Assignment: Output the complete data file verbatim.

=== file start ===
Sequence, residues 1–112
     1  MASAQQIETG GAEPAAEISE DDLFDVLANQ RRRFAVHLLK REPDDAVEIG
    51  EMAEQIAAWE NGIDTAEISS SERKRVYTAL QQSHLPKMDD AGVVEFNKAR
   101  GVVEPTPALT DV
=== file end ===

Sequence, residues 1–112
     1  MASAQQIETG GAEPAAEISE DDLFDVLANQ RRRFAVHLLK REPDDAVEIG
    51  EMAEQIAAWE NGIDTAEISS SERKRVYTAL QQSHLPKMDD AGVVEFNKAR
   101  GVVEPTPALT DV